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Open AccessArticle

“Just Think”—Students Feel Significantly More Relaxed, Less Aroused, and in a Better Mood after a Period of Silence Alone in a Room

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Catholic University of Applied Sciences Freiburg, 79104 Freiburg, Germany
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Institute for Frontier Areas of Psychology and Mental Health, 79098 Freiburg, Germany
*
Author to whom correspondence should be addressed.
Psych 2019, 1(1), 343-352; https://doi.org/10.3390/psych1010024
Received: 17 April 2019 / Revised: 27 May 2019 / Accepted: 28 May 2019 / Published: 3 June 2019
A series of studies by Wilson and colleagues in 2014 suggested that participants (mostly students) did not enjoy a 6 to 15 min silent period of “just thinking”. Students in our study (n = 64) similarly spent a period of silence (6:30 min) alone in a room with nothing to do but concentrate on their own thoughts. They sat on a chair facing the door. Unlike the study by Wilson et al., the students felt significantly more relaxed, less aroused, and in a better mood after this period of silence. The subjects did not experience boredom; they were mostly present-oriented and judged that the time had passed quickly. A reason why the students in our study managed a silent period of time just thinking compared to the Wilson et al. study may be due to intercultural factors. Another reason could be that our student sample was already acquainted with aspects of emotional self-awareness owing to their specific study programs and curricula (mostly education, inclusive education, social education). On the basis of such possible influences, the variety of responses our subjects reported for a period of “just thinking” merits further investigation. View Full-Text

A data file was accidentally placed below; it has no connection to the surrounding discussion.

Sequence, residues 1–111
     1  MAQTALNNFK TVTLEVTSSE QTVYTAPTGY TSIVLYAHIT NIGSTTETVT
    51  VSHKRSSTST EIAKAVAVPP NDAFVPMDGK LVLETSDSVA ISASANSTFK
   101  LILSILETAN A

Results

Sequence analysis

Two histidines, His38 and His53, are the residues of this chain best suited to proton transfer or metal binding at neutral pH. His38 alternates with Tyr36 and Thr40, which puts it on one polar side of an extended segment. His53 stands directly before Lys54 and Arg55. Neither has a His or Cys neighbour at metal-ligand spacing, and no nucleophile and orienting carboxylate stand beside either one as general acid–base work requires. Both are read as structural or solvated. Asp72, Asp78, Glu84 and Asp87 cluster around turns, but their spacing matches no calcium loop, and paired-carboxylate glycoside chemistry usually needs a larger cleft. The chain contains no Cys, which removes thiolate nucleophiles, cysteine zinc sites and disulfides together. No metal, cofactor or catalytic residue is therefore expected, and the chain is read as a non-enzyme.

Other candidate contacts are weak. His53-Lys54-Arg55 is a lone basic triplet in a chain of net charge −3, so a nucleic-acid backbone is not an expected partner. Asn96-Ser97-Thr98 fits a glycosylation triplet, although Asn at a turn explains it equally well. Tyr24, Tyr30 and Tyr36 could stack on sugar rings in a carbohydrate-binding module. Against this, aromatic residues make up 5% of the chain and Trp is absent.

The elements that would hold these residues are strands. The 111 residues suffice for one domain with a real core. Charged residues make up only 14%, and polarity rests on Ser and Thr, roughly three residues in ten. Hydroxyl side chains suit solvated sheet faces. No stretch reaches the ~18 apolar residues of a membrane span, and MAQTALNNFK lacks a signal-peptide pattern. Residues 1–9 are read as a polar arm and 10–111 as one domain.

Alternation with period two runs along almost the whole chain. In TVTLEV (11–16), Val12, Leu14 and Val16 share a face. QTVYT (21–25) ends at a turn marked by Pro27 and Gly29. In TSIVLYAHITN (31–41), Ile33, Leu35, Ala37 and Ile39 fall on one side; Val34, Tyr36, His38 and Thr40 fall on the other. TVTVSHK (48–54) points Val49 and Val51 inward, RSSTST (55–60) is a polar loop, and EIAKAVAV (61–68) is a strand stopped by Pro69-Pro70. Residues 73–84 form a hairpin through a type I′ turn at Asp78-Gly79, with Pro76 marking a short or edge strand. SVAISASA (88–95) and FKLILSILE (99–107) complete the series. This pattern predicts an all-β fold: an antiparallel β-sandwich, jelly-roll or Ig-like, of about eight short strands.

Keywords: relaxation; silence; time perception; boredom; waiting relaxation; silence; time perception; boredom; waiting
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Pfeifer, E.; Geyer, N.; Storch, F.; Wittmann, M. “Just Think”—Students Feel Significantly More Relaxed, Less Aroused, and in a Better Mood after a Period of Silence Alone in a Room. Psych 2019, 1, 343-352.

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